Advent - 2 Peter 3:11-18 Nigel Beynon

I want to start by thinking about the difference between waiting and wanting. But I’m not happy with those words. Waiting sounds passive and boring and wanting sounds active and more exciting – and I want it to be the emotions to be the other way round. Let me explain. 

Imagine a child on Christmas Eve – looking at presents under the tree – and feeling this desperate excitement – they can barely sleep – it’s in their mind all the time - they just can’t wait – to open their presents. 

What they are doing is waiting – but it’s not passive and dull – it’s not waiting for a bus type of waiting – it’s an excited, eager, can’t wait – sort of waiting. 

Compare that with a child who passes the window of a toy shop in July. They look in – and see things they like. Great toys. They want them but there’s little chance of getting them – it’s a ‘can’t have’ sort wanting – or probably won’t get – sort of wanting. 

In those terms – I think today it’s probably true to say that as a culture we do quite a lot of wanting – and not much waiting. There are some things we wait for - there’s the holiday we’ve booked that we’re looking forward to – maybe we buy a flat and can’t wait to move in – there’s sometimes of ‘I can’t wait’ waiting. 

Yet there’s quite a lot of I want – a better job, fulfilling relationship, more money – but there’s little chance it’s going to happen. It’s not wrong – we might want very good things. But it’s a can’t have/probably won’t get sort of wanting.

Well Peter here says that Christians – those who trust in Jesus if that’s us tonight – are people or should be people – who are dominated by waiting - filled with a can’t wait – sort of waiting. And actually being filled with that sort of waiting will change our wanting. 

In particular - we are waiting for what Peter calls righteousness. That’s first thing we’re going to focus on – we’re people who: 


Waiting – in a can’t wait way - for righteousness

V11-12, READ. 

That phrase, look forward, is literally, wait, as you wait for the day of God. But ‘look forward’ is a good translation because there is anticipation to the waiting – you’re expectant and longing – it’s waiting in a - can’t wait - sense. 

We’re waiting for the ‘day of God’ or the day Jesus returns to this world - Peter has been describing that day throughout this chapter. So far he’s said it will be a day of judgement for the enemies of God. In this second part of the chapter he focuses on it being a day of recreation. Lets go on in v12-13 READ. 

It’s the most extraordinary day. A day of judgement, destruction - the end of this world as we know it, and the start a perfect new world. What we sometimes call heaven – but is better called a new creation. 

And Peter says three times - Christians are waiting for it. V12 we’ve seen – we look forward to the day of God. V13 we are looking forward or waiting to his new world. And v14 – since you are looking forward – waiting.

That’s why I say that for Peter, Christians are waiting people – this is his assumption – that we’re waiting for this day – in an expectant – eager – can’t wait sort of way.

So the question that makes me ask – is that true of us? True of me? Am I waiting –longing - for God’s new creation.

I remember someone asking me – do you think about heaven? Can’t remember what the context was now – but it was a good question. It led to realise – and say – it’s in my thinking, but not in my thoughts. 

It’s in my thinking – that is, it’s in my theology, I believe it, I would say it’s true. But it’s not in my thoughts, my day to day musings – my longings. 

Peter isn’t just thinking of right theology – he’s talking about looking forward to this – so it’s in our minds – we’re looking forward to this - longing for this.

As I say that’s often not true of me – and you may feel similarly. Now why is that? Why aren’t we looking forward to this day?

Well I think there are two reasons you might not look forward to something. One is because you don’t think it will happen. Very unlikely – so why get excited? Or because you don’t think it’s going to be that good. It doesn’t grab you, it’s not worth being excited about.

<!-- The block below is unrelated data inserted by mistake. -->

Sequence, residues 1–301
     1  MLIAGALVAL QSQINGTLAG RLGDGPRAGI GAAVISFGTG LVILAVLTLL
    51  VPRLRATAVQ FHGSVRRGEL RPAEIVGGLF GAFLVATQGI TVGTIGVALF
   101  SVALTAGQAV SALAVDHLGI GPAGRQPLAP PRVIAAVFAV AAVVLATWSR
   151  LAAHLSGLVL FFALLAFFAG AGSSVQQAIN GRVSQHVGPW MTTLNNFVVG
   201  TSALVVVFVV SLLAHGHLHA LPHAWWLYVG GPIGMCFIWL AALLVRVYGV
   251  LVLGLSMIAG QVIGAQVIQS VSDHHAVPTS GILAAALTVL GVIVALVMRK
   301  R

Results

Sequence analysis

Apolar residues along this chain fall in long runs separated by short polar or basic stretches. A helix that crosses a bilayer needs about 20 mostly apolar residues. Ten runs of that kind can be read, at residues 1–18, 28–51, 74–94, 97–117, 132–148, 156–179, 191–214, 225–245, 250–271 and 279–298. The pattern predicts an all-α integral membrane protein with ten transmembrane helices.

If we’re going to long - God’s new creation – we’ve got to see it’s both certain and very, very good. 

First of all it’s certain. V13 READ. God has promised this new world. And he’s made that promise throughout the Bible. The OT prophets constantly look forward to this new world – picture it and promise it. Jesus talks about this perfect world – and promises it. The apostles in the epistles – John in Revelation – describe it and repeat God’s promise. 

Now after making all those promises - can we imagine God saying – I know I promised but I don’t think I’ll bother. I know I’ve promised again and again – over hundreds of years – I know I’ve given foretastes and pictures of this future in Jesus – I know I’ve shown I always keep my promises throughout Bible history – I know my son died to make this new promise possible – but I’ve changed my mind, let’s not.

It’s ridiculous isn’t it? We should feel how ridiculous that is. If we don't feel certain of this new creation – if it doesn’t feel like a reality coming towards us - we must ask what am I saying about God's promise? Am I saying he won't keep it? 

God has gone on record – I promise I will perfect this world. And he’s acted in Jesus to bring it about. So after all he’s said, and all he’s done – it’s certain. We just have to wait. 

But secondly - and perhaps more importantly - this new creation will be very good – perfect. V13 READ. I love that phrase – the home of righteousness. It’s the home of everything right. 

We often think of righteousness in a moral sense. And that’s right - this new creation will be morally perfect - everything will be as God wants it to be – perfectly right.

But righteousness is also a relational word. Being righteous means in right relationship. So in this new creation - every relationship will be right. 

Our relationship with God will be right. We’ll love him, obey him, serve him, adore him, be captivated by him. 

And our relationships with each other will be right – we’ll know and love and serve, and enjoy and appreciate each other.  

So what this means is - this new creation - is everything we could ever want. 

If you’re anything like me you could sum up a lot of your life as a search – a search to make things right. There’s getting the right job, and living in the right place, and achieving the right goals – but actually more than that – I want to be right - do the right thing – day dream that if only I could stop doing that, and be more like this, and always do that.